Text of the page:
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    Looks like that is probably the most practical solution, since you can indeed order a copy of the marriage certificate even after a divorce. If you'd care to make it an answer I'll accept it. – JVC Feb 6 at 4:31
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    Good example of why you should never throw away official documents, even if they hold bad memories! – Bee Feb 6 at 10:50
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    The marriage certificate still exists in the records, regardless whether the marriage ended or not. It's not like marriage certificates are 'expunged'. So she can get a copy of it. – smci Feb 8 at 4:36
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I live in Ohio and have the same issue. I was married once before, divorced, and now married again. According to the Ohio BMV website, I need certified copies of marriage licenses for BOTH of my marriages to show name progression (kinda odd since I still have all my social security cards for all 3 names). Getting a copy of the original marriage license was not hard (even though we are divorced). I just went to the courthouse where it was issued, paid a small fee, and walked out with it. She might even be able to order it online. Just check to see if it needs to be certified or just a copy.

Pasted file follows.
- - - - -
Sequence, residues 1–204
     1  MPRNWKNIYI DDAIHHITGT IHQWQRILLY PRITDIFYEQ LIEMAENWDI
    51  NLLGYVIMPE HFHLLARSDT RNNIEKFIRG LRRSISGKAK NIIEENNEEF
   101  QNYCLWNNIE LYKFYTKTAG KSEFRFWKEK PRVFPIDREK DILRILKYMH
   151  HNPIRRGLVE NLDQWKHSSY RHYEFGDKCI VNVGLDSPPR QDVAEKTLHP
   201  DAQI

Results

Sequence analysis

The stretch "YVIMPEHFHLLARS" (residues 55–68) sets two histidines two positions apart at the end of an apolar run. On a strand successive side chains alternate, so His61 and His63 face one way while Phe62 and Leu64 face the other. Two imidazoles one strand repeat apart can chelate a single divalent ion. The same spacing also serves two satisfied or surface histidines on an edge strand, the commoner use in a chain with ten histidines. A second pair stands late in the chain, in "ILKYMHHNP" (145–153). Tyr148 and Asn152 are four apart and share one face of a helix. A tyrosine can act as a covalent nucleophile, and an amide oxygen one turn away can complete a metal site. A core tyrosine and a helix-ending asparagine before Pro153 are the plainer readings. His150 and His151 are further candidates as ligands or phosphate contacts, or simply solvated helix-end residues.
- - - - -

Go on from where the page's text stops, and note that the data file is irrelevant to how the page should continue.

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    Social Security cards are extremely easy to forge. Since they are not required for anything AFAIK—losing mine forty years ago has never been an issue—there’s nothing to be gained by making them more secure. – WGroleau Feb 6 at 16:48
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    California requires a physical Social Security card for RealID driver licenses. This is the first time I've ever needed mine, which I've never even seen. – arp Feb 6 at 17:57